Although a number of epidemiological studies have examined the effects of non-optimal temperatures on mortality in Europe, evidence about the mortality risks associated with exposures to hot and cold temperatures in Bulgaria is scarce. This study provides evidence about mortality attributable to non-optimal temperatures in adults aged 65 and over in Sofia, Bulgaria, between 2000 and 2017. We quantified the relationship between the daily mean temperature and mortality in the total elderly adult population aged 65 and over, among males and females aged 65 and over, as well as individuals aged 65-84 and 85 years or older. We used a distributed lag non-linear model with a 25-day lag to fully capture the effects of both cold and hot temperatures and calculated the fractions of mortality attributable to mild and extreme hot and cold temperatures. Cold temperatures had a greater impact on mortality than hot temperatures during the studied period. Most of the temperature-attributable mortality was due to moderate cold, followed by moderate heat, extreme cold, and extreme heat. The total mortality attributable to non-optimal temperatures was greater among females compared to males and among individuals aged 85 and over compared to those aged 65 to 84. The findings of this study can serve as a foundation for future research and policy development aimed at characterizing and reducing the risks from temperature exposures among vulnerable populations in the country, climate adaptation planning and improved public health preparedness, and response to non-optimal temperatures.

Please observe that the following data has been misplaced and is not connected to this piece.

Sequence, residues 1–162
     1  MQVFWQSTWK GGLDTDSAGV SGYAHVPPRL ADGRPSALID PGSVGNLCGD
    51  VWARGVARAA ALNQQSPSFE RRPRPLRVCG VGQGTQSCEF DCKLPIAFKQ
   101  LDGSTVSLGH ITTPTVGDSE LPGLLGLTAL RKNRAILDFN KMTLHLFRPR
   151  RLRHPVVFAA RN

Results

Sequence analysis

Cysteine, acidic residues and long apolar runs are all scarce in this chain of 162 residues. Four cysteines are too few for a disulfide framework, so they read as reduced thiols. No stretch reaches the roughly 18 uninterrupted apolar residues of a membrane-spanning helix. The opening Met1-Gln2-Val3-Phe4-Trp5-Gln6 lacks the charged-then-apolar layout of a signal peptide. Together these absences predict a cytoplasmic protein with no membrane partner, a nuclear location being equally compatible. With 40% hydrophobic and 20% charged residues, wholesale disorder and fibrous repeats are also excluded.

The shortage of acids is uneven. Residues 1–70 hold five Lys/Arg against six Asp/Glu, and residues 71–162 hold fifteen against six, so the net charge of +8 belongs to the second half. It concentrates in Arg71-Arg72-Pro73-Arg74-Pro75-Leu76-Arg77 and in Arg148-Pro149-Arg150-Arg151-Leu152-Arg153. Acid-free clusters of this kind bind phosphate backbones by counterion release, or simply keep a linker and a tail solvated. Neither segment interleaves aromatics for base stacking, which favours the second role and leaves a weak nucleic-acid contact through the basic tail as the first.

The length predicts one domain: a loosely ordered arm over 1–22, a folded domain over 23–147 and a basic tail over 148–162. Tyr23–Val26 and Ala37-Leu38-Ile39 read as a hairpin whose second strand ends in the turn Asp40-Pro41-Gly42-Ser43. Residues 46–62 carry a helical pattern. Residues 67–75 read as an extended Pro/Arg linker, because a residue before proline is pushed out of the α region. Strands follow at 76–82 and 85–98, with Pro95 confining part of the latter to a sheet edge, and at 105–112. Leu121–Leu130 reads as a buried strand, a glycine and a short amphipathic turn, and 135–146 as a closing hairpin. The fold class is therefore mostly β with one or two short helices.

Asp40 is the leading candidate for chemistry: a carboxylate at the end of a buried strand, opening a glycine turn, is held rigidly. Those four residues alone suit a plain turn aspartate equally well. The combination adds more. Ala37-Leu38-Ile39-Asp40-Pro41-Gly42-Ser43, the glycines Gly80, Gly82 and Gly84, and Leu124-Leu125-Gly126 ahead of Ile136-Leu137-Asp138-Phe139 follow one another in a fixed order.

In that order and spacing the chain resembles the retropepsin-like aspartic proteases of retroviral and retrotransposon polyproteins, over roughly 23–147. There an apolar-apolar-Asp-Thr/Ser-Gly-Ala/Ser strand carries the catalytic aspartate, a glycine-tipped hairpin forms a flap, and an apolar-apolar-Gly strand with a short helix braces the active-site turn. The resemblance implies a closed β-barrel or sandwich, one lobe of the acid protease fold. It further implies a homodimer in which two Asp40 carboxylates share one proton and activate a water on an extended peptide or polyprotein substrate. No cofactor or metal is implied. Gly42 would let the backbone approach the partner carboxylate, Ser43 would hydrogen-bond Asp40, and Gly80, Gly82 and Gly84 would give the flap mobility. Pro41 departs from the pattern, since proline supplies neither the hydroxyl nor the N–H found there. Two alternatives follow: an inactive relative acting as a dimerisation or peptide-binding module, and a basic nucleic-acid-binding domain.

Keywords: Bulgaria; Cold; Heat; Mortality; Temperature.